How to install Windows 10 on new HDD for laptop?

Status
Not open for further replies.

Neoking

Honorable
Aug 5, 2013
44
0
10,530
0
So my laptop's hard drive failed, and I'm looking to purchase a new hard drive for it. I had Windows 10 installed before it died. My laptop also has a DVD drive in case that'll be useful.

After I buy a new hard drive and set it up inside my laptop, how can I keep my copy of Windows 10 without having to purchase a new product key? It seems like if I download an image of Windows 10 on a DVD or USB and I use that to boot on the laptop, it'll ask for a product key to install (which I don't have).
 

Neoking

Honorable
Aug 5, 2013
44
0
10,530
0


Yeah, my laptop had Windows 8.1 before I was allowed to upgrade it to Windows 10 for free. Problem is my laptop came preloaded with Windows 8, so I have no product key.
 

USAFRet

Titan
Moderator
Mar 16, 2013
110,961
1,389
152,940
18,396


Go here and download the MediaCreation tool https://www.microsoft.com/en-us/software-download/windows10
Create either a USB install, or download the ISO and create a DVD
Boot from that and install on the new drive.

Since your PC was already upgraded, it should not ask for a license key.
 

Neoking

Honorable
Aug 5, 2013
44
0
10,530
0


Even if Windows will be installed on a totally new hard drive? I upgraded on my old hard drive that's now completely corrupted...
 

USAFRet

Titan
Moderator
Mar 16, 2013
110,961
1,389
152,940
18,396


Yes, it should work.
 

Neoking

Honorable
Aug 5, 2013
44
0
10,530
0


I'm very sorry that I'm bothering you again, but I'm a bit skeptical. The upgrade was done on the HDD that's failed and that I'm throwing out. Since I'm buying and installing a totally new HDD with no history of upgrading to Windows 10, how would the Windows 10 I will be installing onto it with a USB or disc know that I had previously upgraded?
 

USAFRet

Titan
Moderator
Mar 16, 2013
110,961
1,389
152,940
18,396


Your system was Upgraded to Win 10. System = motherboard in the eyes of MS.
So....when you do the new install on the new drive, when it activates, the activation server will see that same motherboard and say. "Oh....he's good to go"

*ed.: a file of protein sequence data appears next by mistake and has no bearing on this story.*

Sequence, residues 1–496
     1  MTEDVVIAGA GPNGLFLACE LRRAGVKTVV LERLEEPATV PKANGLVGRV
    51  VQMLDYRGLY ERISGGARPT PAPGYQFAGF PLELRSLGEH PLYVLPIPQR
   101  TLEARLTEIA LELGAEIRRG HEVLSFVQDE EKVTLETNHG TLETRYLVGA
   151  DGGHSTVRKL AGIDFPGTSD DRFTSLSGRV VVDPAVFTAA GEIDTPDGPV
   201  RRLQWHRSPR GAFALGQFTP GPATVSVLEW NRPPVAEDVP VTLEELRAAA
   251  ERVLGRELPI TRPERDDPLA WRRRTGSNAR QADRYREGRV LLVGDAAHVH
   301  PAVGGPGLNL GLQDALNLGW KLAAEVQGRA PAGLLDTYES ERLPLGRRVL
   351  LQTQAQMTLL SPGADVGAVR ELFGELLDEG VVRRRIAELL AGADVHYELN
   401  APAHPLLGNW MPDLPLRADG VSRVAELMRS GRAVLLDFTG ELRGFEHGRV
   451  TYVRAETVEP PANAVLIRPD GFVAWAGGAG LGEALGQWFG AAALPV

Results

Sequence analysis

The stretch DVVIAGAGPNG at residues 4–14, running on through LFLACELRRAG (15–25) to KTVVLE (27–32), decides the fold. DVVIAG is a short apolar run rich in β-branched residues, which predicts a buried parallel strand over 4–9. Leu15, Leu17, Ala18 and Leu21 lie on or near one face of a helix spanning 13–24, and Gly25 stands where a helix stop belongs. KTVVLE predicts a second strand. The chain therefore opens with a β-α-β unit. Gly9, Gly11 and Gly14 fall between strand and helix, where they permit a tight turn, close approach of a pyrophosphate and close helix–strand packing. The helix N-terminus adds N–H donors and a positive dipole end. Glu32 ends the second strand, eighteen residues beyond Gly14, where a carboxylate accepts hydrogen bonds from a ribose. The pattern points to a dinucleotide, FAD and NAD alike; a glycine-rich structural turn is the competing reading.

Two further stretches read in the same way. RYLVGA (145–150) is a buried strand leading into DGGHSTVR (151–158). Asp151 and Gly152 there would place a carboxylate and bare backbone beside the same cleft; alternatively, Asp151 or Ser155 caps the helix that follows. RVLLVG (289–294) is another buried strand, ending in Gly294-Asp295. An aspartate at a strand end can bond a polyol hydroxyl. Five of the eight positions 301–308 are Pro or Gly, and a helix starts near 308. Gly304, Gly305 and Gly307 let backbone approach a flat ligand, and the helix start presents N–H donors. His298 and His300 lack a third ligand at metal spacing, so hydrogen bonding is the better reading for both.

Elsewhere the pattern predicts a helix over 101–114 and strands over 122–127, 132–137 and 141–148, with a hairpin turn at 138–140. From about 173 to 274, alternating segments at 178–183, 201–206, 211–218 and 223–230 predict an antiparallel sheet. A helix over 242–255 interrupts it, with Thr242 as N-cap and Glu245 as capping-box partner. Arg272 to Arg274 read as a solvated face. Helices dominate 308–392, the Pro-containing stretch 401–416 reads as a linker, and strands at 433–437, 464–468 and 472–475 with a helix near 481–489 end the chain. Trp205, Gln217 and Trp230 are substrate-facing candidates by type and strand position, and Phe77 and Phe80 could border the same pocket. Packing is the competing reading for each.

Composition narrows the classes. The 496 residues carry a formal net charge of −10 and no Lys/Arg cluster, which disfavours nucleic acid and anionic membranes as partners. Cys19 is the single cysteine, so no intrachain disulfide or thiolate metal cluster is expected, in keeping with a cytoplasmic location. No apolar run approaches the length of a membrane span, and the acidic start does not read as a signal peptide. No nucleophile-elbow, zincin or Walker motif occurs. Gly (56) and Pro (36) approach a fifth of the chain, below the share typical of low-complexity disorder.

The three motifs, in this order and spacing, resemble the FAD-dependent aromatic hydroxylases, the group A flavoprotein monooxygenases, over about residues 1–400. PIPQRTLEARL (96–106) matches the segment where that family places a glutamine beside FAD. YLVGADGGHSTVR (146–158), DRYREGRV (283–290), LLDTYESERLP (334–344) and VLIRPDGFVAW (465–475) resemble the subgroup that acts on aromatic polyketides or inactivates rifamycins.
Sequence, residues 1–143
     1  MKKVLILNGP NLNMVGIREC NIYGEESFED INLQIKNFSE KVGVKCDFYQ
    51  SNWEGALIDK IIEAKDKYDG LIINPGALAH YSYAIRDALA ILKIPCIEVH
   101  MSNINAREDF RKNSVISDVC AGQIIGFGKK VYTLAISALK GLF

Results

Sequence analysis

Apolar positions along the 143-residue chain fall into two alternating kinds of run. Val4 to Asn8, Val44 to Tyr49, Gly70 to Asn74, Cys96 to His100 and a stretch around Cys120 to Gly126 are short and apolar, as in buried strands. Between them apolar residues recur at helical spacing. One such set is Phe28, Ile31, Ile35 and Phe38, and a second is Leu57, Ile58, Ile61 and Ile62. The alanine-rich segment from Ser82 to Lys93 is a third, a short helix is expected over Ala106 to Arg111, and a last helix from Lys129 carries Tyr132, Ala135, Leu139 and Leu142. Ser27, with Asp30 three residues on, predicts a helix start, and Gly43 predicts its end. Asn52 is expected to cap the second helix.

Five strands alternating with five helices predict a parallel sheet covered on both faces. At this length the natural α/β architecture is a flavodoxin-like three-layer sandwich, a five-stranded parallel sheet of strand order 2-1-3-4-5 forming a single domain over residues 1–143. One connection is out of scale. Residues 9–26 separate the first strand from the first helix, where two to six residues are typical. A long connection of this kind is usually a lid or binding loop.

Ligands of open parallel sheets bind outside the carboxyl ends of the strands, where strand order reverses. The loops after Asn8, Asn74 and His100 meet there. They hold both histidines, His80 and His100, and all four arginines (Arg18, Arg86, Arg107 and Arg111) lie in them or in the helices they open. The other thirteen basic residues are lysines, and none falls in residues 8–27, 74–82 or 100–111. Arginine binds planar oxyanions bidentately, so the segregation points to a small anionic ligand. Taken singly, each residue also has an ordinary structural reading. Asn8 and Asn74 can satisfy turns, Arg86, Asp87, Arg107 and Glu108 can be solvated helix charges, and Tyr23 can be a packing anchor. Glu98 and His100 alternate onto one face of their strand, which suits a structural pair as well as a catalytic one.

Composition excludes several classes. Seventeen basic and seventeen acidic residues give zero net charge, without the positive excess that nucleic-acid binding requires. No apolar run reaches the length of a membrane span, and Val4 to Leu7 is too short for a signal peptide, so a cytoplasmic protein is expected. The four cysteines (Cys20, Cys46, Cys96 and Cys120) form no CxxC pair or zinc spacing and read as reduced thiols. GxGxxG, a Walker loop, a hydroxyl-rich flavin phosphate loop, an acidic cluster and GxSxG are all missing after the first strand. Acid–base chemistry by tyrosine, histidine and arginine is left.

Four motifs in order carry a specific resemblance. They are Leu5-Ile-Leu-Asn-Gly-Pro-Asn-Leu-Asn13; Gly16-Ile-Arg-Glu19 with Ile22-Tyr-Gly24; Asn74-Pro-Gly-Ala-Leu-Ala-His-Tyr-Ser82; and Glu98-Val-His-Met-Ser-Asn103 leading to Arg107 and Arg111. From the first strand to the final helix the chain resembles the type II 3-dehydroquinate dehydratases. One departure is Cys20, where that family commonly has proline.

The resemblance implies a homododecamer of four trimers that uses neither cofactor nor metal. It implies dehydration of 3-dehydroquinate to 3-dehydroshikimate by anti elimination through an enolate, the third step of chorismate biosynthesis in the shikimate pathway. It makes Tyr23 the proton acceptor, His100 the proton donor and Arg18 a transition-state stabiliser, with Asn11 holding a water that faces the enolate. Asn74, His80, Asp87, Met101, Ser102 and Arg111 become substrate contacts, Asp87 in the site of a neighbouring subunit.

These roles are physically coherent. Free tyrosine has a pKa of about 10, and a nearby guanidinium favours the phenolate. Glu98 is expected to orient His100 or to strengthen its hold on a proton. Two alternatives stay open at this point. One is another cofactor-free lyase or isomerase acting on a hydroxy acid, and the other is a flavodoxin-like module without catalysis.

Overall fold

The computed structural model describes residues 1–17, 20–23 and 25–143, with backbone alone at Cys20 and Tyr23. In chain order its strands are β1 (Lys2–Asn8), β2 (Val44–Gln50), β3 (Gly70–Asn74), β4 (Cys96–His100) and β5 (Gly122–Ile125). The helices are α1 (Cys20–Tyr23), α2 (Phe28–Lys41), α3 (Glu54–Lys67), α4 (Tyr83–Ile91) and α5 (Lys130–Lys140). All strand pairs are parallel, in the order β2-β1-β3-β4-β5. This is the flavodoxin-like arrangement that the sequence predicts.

But at this point, you have no other option but to try it. See what happens. If it fails for some reason, then you get to call MS and plead your case.

But it will activate.
 

Philip Navarro

Honorable
Apr 19, 2013
1
0
10,510
0
I am having this same issue. My laptop had the click o death shortly after upgrading to Windows 10. But apparently the product keys are tied to the Motherboard now and can be found in the BIOS.
When my new hard drive comes in I am going to attempt to run the grab the key from the BIOS and do a clean WIN 10 install.





 

Neoking

Honorable
Aug 5, 2013
44
0
10,530
0


You don't need to do that! When it asks you for your product key, all you have to do is hit "skip" and Windows will automatically recognize that your system had Windows 10. I just recently received my new hard drive, and that's what I did.

There will be two different parts where it asks you to skip or not give the key now - one before the install and one after.
 

Meatballz

Commendable
Aug 9, 2016
3
0
1,510
0
I believe that Windows 10 checks your processor rather than the motherboard to confirm that the installation is still on the same machine. I recently lost a SATA channel and replaced my motherboard and when I put it together I was wondering if Windows 10 would complain but it didn't and it remains activated. Interestingly, my Norton Internet Security S/W noticed that the motherboard had changed and it zeroed out my subscription. I was able to log into my Norton account and reactivate the license and got my remaining days restored.

I too am wondering about exactly what is being asked here since I upgraded from Windows 7 and all I have if my drive dies is my old Windows 7 disk. It would seem that Microsoft would need to have saved my system information so that if I built a new system drive it would "know" that it was in the same system as the processor ID remains the same. There was talk some years ago about MS & Intel getting together so that they could better control their licensing since the majority of Windows licenses are OEM rather than full and they are meant only for the machine originally installed on. My Windows 7 was a full version and I am uncertain if that was carried over with the upgrade to Win 10. In the meantime I have created a full image of the system disk using Macrium Reflect just in case.
 
Status
Not open for further replies.

ASK THE COMMUNITY

TRENDING THREADS